They said something about not having any 3 inch pipe with them and said they would need to wait while someone brought some. This is the standard pipe that they always use, so I thought it was funny that they hadn’t brought any with them. However, they only needed a few feet of it and I had several pieces laying around. I offered them a piece, but they said they would just wait for the delivery. They waited in their trucks until 11:40.
The next step was to use the trencher to lay the cable. One guy drove the machine and another fed the wire into it by hand. The wire was pulled down thru a plow that split the earth to lay the wire and then let the earth close up behind it. It basically moved at walking speed, so the cable was laid within 15 minutes. The cable had been laid on the ground next to the path before hand, so the whole process looked similar to pulling up a zipper. Then they took a 20 minute break before the one guy came back up with the machine and filled in the trench at the top at 12:21. Again, that was just a few minutes of work.
They put the machine back on the trailer and were quiet again until 1:54 when some other guys came out to hook up the meter socket (meanwhile the trencher guys stayed sitting in their truck).
Here I should note that, other than something to cut the cable, the only tool these guys need to attach the cable to the meter socket is a 3/8ths inch Allan key. This is the same sized Allan key they need for every single service entrance job that they do. Guess which tool they didn’t have? I loaned them mine.
Roughly 20 minutes later, they were done. hooking up the 3 wires. After packing up, one guy came to tell me that I could start to use the power. That first attempt video was shot right after they left at 2:22 PM. That didn’t work. Obviously, I was pretty annoyed with the crew by that point. I called the power company and was told someone else was planning to come and finish the setup.
After my family had gone home for dinner, a sixth guy showed up around 6:20. He did something to start my meter (I didn’t see exactly what he did, but it was quick.) It seemed to me that perhaps I had misunderstood the first crew and the power was not supposed to be on until this guy came and did his part? I asked him about it, but he didn’t seem to understand my question. He quickly sealed the meter box and told me I could start using the power, and then he was on his way. I filmed that second video, with working electricity at 6:26.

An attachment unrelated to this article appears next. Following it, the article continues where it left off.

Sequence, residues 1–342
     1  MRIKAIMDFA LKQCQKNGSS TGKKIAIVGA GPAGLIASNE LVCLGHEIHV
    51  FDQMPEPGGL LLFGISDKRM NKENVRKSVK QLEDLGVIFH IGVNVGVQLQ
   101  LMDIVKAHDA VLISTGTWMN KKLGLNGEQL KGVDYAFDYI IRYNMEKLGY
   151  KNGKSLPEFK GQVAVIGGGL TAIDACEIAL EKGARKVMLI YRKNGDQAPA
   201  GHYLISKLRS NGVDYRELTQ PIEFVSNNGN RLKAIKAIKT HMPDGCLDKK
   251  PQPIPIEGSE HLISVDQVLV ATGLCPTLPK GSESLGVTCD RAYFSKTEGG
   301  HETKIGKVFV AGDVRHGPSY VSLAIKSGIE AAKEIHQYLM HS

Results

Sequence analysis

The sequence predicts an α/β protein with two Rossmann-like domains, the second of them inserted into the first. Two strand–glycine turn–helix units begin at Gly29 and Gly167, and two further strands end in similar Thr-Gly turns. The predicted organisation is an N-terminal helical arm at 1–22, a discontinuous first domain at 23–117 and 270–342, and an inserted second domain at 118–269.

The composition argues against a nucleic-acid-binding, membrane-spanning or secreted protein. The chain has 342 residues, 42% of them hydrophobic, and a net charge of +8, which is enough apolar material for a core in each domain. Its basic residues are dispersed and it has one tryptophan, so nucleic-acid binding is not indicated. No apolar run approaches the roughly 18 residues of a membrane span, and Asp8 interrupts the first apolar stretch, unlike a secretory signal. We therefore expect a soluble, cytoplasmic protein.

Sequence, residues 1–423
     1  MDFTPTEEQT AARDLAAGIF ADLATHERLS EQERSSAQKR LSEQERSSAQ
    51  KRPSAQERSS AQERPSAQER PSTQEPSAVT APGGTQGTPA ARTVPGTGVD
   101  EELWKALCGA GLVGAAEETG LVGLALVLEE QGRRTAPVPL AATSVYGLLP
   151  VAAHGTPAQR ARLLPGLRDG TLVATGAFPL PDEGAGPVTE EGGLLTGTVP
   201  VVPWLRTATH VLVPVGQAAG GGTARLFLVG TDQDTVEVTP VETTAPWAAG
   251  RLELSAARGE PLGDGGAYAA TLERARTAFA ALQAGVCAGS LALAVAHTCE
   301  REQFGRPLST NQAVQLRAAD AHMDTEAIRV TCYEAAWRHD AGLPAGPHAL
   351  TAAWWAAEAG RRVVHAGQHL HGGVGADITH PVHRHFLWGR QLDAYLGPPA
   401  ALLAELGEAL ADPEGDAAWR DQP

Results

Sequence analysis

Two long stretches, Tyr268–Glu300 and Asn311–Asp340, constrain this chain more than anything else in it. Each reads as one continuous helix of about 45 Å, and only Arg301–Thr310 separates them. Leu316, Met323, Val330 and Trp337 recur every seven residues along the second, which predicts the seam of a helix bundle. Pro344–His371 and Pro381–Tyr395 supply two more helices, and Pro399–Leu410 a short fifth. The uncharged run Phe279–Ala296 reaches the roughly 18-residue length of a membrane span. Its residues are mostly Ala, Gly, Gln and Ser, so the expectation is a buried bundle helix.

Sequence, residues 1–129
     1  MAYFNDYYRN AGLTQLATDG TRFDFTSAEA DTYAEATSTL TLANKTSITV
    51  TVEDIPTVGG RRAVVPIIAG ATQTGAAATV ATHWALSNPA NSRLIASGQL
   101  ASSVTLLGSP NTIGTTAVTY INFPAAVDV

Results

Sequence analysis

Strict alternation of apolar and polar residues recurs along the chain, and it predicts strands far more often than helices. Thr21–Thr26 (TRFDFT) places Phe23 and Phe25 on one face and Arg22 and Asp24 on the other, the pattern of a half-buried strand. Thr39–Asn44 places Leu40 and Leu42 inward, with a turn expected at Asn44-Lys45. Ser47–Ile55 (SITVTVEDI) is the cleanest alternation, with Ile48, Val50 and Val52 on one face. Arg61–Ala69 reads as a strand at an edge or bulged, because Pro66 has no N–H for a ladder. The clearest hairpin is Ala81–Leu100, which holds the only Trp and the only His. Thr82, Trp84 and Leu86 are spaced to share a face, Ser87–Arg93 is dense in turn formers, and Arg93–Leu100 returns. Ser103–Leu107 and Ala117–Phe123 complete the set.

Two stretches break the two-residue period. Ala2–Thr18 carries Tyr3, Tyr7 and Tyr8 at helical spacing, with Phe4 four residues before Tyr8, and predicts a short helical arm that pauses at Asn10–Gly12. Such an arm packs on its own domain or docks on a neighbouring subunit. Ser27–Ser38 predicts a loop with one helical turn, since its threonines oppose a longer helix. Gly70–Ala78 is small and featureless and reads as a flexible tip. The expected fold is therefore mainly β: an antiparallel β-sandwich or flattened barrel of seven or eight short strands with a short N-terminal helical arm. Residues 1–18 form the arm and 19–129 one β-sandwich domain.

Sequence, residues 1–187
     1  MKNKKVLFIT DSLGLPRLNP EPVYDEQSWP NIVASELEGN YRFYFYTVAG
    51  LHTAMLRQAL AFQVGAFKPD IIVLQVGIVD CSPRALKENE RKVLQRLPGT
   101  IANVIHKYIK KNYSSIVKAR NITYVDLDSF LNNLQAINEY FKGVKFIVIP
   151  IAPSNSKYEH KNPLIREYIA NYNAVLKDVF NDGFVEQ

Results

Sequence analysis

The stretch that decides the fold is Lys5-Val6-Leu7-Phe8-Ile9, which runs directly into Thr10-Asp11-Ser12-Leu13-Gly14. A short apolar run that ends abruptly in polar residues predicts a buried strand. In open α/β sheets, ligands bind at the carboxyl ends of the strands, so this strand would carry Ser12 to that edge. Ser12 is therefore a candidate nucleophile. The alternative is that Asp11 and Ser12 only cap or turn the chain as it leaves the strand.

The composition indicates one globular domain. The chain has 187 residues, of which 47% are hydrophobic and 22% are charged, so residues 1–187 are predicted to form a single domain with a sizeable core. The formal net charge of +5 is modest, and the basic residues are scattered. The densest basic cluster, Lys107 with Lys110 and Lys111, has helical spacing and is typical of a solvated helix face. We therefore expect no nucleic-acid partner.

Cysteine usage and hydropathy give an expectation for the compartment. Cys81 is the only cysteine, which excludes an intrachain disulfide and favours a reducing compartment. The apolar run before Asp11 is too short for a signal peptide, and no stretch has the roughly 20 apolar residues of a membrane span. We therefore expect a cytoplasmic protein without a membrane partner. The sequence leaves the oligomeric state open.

So, let’s do the math. They were at my site for most of two days, but my time-stamped time-lapse pictures show that parts of the crew worked on my hookup for less than an hour and a half. I guessed three hours in the video, but I see that was much too generous. If they were doing something in that truck, I can’t imagine what. Keep in mind that this is a private company, not even government work. But they do have a monopoly in the region, so maybe that explains it.
The 2/0 cable was about $1.50 per foot and I needed 3 cables, each 15 ft long, so 65$. There was also the 45$ worth from my first try that was wasted. The ground wire was about 10$, plus 25$ for the two grounding rods and acorn clamps. The main panel (200 AMP QO) was about 200$ and the 20 amp breaker I installed for the construction circuit was $7. Those big switches (200 amp fusible disconnects) were very expensive at over 330$ each, and each took 30$ worth of big fuses. There was maybe 20$ worth of 2 inch conduit. Then there were a few small things like Tapcon screws to mount the boxes, etc. I had them already laying around, but lets say 5$ for all that.
So the hardware total is, $372 for the service entrance and main breaker, and $720 for the switches, so $1092 total.
The price to get the power hooked up was reasonable… 820$ up front covered the meter box and all the hookup, including the 195 ft of cable from the transformer. Since it took 5 guys a couple days to get it done, I am guessing it cost the company more than that to do the work, but they plan to get the rest from me over a lifetime of electric bills.
It was going to cost an additional 3$/ft if the ground froze (nearly 900$ more). So, after getting the back wall completed in october, I was in a rush to get the service entrance installed and inspected and the hookup scheduled. That rush may have contributed to the mistakes. It was only due to the merciful “Al Gore” winter that let me delay into the middle of November without the ground freezing.
So total to get the service entrance and switches up and running is ~$1910. A big chunk of my electrical budget, but only a tiny fraction of what the professionals would have charged. Of course, there were also a few evenings worth of time to get it done and then rip it out and do it again properly.